Ido Portal has referred to this endeavor as “self-dominance”, which is essentially physical ownership over one’s body.
Strength is a foundational physical element of becoming an better mover, handling real life situations and preserving the ability to function well over a lifetime.
It’s worth mentioning that bodyweight strength training builds muscle. A lot of people are interested in adding muscle to their frame, and smarter bodyweight training is certainly a great way to do it.
A stigma still lingers about bodyweight exercises being incapable of building muscle. This seems crazy to me and makes sense at the exact same time.
Building muscle requires an increase in loading, time under tension and progressive exercise complexity.
Problem: Doing the same easy set of 10 push ups everyday expecting a different result.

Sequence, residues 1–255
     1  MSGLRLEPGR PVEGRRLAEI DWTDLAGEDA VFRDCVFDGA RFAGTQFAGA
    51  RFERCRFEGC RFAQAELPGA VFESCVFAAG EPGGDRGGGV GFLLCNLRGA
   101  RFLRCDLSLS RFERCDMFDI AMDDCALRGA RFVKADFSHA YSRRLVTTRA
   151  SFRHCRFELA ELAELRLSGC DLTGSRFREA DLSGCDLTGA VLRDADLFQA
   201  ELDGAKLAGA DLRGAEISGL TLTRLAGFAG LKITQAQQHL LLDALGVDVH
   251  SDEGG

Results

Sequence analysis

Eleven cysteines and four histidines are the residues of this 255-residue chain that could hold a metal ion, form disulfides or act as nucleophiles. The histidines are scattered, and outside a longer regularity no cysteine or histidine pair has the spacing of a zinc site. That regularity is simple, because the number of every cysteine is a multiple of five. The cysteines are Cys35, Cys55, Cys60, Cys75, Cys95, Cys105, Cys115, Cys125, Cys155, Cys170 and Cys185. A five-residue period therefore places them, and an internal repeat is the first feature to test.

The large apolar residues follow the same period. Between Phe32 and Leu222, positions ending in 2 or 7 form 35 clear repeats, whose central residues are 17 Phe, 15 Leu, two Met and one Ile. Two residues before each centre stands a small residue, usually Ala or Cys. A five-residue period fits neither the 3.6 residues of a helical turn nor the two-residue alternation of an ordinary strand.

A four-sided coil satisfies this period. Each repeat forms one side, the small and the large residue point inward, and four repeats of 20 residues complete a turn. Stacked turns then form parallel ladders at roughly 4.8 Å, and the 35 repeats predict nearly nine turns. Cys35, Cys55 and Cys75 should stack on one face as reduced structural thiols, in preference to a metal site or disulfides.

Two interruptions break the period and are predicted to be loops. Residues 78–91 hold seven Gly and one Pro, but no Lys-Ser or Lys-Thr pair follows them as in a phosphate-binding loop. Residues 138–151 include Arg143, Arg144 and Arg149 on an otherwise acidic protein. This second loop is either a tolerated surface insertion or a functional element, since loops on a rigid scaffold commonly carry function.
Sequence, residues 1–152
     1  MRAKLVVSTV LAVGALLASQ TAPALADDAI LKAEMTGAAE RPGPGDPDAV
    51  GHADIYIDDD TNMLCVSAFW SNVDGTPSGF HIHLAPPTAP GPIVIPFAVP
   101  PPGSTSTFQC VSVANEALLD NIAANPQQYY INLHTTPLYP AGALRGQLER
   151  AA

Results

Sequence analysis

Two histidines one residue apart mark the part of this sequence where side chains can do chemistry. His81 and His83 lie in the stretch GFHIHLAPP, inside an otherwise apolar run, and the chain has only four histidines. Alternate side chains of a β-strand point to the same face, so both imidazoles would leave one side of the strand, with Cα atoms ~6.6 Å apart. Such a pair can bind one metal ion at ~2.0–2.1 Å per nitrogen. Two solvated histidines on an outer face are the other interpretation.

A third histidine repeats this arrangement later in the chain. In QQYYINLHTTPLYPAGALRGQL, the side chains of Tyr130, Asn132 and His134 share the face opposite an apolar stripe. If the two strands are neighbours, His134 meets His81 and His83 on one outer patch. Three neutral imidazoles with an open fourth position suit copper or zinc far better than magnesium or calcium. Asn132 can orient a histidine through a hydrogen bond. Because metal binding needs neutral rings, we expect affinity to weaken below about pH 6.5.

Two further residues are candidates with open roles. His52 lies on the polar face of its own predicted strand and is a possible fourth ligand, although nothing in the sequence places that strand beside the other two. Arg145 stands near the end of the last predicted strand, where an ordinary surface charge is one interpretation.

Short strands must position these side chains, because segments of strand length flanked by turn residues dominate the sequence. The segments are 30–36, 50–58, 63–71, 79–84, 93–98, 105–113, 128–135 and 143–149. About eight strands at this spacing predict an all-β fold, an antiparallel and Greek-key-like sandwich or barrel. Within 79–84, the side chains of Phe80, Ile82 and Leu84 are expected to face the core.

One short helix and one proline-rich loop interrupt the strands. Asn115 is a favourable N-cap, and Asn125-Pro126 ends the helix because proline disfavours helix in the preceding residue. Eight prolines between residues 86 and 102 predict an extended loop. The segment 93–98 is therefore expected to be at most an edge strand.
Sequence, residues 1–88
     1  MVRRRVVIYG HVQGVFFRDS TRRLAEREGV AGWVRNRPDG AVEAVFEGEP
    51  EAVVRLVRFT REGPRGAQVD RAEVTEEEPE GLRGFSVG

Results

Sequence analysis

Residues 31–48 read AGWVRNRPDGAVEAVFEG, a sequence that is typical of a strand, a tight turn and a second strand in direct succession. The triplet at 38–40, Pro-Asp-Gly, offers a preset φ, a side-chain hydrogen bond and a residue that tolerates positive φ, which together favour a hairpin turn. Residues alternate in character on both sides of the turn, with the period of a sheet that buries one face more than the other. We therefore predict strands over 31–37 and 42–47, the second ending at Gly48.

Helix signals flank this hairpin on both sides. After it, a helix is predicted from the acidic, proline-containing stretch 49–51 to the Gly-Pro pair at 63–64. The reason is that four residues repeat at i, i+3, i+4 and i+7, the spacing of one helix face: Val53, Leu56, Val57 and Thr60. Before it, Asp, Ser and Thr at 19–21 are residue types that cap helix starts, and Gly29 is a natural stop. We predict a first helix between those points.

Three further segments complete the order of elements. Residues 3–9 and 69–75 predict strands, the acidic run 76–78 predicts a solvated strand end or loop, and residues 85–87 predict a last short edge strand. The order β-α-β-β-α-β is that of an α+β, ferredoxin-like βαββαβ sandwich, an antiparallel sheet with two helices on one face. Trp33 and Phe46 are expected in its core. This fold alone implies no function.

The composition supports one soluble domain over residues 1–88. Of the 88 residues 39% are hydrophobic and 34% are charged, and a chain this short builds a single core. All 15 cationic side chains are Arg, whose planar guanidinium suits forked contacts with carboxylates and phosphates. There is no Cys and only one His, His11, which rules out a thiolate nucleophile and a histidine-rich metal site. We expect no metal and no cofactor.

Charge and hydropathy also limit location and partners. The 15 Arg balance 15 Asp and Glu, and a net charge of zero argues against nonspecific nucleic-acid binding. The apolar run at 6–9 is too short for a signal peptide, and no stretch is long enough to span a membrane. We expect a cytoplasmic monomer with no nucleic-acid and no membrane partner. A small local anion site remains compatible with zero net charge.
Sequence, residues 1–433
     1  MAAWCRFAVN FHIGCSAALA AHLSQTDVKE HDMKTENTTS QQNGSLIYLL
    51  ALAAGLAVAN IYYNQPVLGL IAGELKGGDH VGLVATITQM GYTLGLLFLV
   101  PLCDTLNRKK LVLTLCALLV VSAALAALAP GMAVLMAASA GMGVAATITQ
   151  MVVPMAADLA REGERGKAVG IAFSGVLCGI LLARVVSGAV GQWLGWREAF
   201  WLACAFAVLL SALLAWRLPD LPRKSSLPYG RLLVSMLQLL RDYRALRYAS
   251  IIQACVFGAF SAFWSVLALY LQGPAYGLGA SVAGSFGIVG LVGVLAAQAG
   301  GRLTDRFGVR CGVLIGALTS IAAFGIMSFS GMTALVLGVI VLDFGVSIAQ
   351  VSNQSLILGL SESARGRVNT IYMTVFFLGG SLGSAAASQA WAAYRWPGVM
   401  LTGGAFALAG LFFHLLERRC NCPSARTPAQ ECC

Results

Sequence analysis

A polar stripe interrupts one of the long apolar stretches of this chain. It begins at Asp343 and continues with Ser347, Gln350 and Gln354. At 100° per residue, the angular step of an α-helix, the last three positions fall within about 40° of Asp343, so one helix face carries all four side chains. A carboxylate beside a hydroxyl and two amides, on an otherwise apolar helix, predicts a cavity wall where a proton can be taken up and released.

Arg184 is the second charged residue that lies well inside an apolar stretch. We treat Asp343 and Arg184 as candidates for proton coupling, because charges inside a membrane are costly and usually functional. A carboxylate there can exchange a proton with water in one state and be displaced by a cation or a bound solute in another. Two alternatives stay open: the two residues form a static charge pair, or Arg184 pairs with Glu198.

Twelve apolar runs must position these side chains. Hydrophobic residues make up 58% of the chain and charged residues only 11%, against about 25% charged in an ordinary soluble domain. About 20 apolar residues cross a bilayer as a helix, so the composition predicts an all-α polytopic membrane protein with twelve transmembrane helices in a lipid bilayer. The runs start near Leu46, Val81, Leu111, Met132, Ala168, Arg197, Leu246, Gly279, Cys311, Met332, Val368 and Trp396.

Solution: Progressing to single arm push up variations which increases the load for the working arm, makes the movement total body oriented (tension from head to toe) and increases the difficulty.
Less reps, more significant gains. Again, this is not any different than adding weight to the bar to build strength, it’s just a shift how the load can be added using only bodyweight.
Making a swift transition away from easy bodyweight exercises to more difficult bodyweight exercises will absolutely facilitate building lean useable muscle.
Another huge myth: You don’t have to be an elite gymnast to increase the difficulty of your bodyweight endeavors, simply follow the exercise progressions.
Follow the step-by-step instructions in Bodyweight Athlete and kick some ass, ok?
Diet and Nutrition
There are many ways to go about establishing your nutrition habits.
At the end of the day, you’ve got to stick to a diet long enough for it to work.
Diet is not a dirty word. The diet is your eating system, your food and beverage habits.
Creating a caloric deficit, choosing nourishing foods, hydration and even being selective on not just how much food is being eaten, but when meals are being eaten are primary